Arriving On Time: Why Manufacturers Must Align their Scheduling Practices with Many Likely Scenarios

A Normal, Variable and Extreme Variability Day’s Drive

The previous article (4 of 5) in this series talked about perfect execution. Our drive went 100% according to plan. Of course, we know that perfection is not the rule. For that reason, we have more to gain by considering how a normal, variable and extreme variability day’s drive might unfold.

A normal day’s drive might go something like this.  As we drive, we find it necessary to use 1 minute of buffer in the first segment, 2 minutes in the second segment, 2 minutes in the third segment, and 1 minute in the fourth segment. In total, we have used 6 minutes of buffer. Since we have budgeted 17 minutes for our time buffer, we arrive at work 11 minutes early.  We are on time, thereby avoiding penalty.  Success!

A variable day’s drive might be defined by a late start. Recall that our plan is to leave at 7:00 and arrive at work by 8:00 a.m.  So, if we depart home at 7:07 a.m., our time buffer has already lost 7 minutes. We are concerned about arriving late to work!

Suppose that we then get stuck behind a pokey driver, taking us 4 minutes longer than estimated to complete the first segment. We are more concerned about being late! The threat level has risen. Fortunately, we complete the second, third and fourth segments more or less within the estimate and arrive at work with 1 minute to spare. Whew – we got lucky!

An extreme variability day’s drive might include a snowstorm.  We recognize that it’s snowing outside, so we decide to leave home 1 minute early; thus building our time buffer up to 18 minutes. At this point, we are unconcerned. The first segment takes 2 minutes longer than estimated, but since we’ve completed 23% of the total drive and have only used 6% of our buffer, we are less concerned than when we left home.

Unfortunately, the snowstorm worsens. The second segment of the drive takes 15 minutes longer than estimated. We have just 1 minute of buffer remaining but 42% of the drive to go. The threat level has risen precipitously. We are very worried about being late!

The third segment of the drive takes 6 minutes longer than estimated. We have used up all of our buffer and still have 14.0% of the drive to go.  Even though it is not yet 8:00 a.m., we’re definitely going to be late!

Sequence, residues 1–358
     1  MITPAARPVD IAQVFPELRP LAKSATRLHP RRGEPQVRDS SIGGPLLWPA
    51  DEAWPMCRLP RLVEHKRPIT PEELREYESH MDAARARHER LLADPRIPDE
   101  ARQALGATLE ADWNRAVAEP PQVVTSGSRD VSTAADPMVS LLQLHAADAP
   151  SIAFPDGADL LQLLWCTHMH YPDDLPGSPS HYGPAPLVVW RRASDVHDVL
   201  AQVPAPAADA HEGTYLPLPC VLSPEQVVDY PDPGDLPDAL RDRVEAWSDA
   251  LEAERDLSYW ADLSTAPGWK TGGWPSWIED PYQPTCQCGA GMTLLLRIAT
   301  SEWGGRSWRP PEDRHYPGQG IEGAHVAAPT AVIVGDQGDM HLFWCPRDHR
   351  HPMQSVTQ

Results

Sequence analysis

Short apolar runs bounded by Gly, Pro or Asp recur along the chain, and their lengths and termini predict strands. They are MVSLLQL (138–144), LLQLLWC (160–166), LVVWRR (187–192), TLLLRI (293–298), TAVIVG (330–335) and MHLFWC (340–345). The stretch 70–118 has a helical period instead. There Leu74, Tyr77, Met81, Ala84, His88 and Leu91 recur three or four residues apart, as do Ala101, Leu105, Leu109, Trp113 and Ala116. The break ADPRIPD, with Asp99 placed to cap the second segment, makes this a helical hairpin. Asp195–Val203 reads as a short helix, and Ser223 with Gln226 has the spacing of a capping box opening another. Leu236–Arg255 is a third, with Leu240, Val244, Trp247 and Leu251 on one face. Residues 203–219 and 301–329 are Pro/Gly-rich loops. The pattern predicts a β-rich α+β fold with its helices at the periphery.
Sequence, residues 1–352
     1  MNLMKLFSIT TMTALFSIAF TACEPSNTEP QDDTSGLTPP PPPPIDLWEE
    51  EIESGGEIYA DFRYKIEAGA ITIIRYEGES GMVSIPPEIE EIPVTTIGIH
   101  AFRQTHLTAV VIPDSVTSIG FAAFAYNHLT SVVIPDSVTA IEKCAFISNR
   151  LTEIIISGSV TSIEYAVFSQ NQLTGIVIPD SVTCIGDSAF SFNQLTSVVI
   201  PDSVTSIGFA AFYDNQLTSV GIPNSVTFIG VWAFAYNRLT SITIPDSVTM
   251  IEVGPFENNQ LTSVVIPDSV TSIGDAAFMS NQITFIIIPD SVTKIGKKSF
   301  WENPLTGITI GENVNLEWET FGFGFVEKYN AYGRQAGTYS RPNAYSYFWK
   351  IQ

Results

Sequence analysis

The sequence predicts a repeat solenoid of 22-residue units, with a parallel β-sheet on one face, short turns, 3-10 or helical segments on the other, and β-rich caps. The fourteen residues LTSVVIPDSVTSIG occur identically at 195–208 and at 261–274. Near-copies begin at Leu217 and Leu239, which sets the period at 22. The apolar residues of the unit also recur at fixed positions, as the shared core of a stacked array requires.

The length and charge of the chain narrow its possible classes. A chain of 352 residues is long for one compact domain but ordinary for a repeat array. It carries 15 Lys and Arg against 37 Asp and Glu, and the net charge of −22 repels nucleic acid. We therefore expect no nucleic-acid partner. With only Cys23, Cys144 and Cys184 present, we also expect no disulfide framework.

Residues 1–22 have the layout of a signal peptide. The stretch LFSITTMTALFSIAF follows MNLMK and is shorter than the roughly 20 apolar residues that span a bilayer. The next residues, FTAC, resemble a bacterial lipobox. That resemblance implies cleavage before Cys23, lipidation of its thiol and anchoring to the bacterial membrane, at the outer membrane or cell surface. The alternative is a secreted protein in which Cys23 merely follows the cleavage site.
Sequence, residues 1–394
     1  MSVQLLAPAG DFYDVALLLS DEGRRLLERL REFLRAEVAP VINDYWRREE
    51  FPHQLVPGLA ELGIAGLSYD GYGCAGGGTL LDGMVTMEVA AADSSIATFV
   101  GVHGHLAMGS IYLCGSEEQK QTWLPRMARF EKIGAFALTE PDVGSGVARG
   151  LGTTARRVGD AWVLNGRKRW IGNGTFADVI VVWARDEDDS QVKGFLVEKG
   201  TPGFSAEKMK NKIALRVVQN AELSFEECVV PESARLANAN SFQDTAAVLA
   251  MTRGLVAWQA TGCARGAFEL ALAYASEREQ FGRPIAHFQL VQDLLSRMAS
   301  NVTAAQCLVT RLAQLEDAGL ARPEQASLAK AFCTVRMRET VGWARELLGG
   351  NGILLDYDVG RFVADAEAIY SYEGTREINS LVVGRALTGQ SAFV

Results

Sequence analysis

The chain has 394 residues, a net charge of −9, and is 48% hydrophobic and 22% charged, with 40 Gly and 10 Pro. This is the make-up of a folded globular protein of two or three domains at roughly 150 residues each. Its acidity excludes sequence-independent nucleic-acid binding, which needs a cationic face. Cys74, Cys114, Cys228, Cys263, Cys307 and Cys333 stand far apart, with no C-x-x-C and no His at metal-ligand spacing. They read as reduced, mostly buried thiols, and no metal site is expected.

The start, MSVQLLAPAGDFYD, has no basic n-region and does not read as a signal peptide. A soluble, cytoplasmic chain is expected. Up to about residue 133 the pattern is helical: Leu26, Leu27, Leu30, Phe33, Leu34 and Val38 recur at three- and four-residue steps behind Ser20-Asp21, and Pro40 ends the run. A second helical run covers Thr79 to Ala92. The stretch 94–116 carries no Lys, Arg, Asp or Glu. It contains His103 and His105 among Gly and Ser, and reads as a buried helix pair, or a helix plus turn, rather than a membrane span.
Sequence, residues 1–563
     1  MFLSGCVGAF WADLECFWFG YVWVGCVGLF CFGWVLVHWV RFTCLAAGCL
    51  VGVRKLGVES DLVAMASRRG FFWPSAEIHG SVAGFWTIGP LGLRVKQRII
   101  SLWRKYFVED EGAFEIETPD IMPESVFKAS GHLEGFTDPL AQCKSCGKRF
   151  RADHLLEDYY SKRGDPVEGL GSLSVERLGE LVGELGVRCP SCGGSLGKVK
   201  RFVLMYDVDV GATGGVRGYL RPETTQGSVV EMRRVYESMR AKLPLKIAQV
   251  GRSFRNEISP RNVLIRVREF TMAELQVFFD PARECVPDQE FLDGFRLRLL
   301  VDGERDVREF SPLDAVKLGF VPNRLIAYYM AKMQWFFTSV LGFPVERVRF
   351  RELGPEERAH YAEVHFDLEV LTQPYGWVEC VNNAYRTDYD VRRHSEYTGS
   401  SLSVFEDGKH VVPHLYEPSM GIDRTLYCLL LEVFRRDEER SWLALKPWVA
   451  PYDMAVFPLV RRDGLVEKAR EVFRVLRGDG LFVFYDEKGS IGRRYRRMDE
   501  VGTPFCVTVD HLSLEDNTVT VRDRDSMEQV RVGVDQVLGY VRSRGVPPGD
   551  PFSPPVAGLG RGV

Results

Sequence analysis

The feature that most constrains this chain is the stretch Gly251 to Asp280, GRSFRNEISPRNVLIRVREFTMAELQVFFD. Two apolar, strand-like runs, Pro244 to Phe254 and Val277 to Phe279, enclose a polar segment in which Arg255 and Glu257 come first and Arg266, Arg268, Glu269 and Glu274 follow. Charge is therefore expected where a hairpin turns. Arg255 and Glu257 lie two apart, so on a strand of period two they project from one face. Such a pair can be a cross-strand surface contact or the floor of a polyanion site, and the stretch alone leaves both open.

The final segment of the drive takes 4 minutes longer than estimated. We arrive 8 minutes late.  Although our employer is an understanding person, she’s not happy about our poor performance. We vow to use a bigger buffer in bad weather from now on!

What can manufacturers take away from this exercise? Here are a few things to consider.

  • Variability is real – Manufacturers should recognize that perfect execution is rarely achieved in the real world. Variability must be managed by recognizing that it exists, and actively anticipate it, in a realistic way, in manufacturing scheduling systems.
  • Penalties are to be avoided – Manufacturers who fail to deliver jobs on time will incur penalties. The penalty may or may not be encoded contractually with buyers, but it is certain that customers frustrated by missed due dates will seek out alternative suppliers.
  • Time buffers are important – Time buffers that account for variability can help manufacturers avoid the penalties associated with missed due dates and keep their customers happy. But there needs to be a balance.  Allocating too much buffer can cause even more problems than too little.
  • Variability can take multiple forms – Manufacturers must consider many likely scenarios and align their scheduling practices accordingly. Time buffers are not one size fits all.  They should be sized based on how likely variability is to effect certain product lines, part families, even part or job specific.

Has variability ever disrupted your daily drive? How about your shop – what kind of variability does your business most often experience? How do you calculate time buffers for driving and for business?

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About Protected Flow Manufacturing™ (PFM)

Protected Flow Manufacturing™ (PFM) is a revolutionary new Manufacturing Execution and Planning System. Aimed specifically at the crucial area of “production execution”, Protected Flow Manufacturing™ continually directs production priorities to minimize wait time and maximize on-time delivery using data fed from a customer’s existing ERP system that customers can act on.

Learn more at www.protectedflowmanufacturing.com.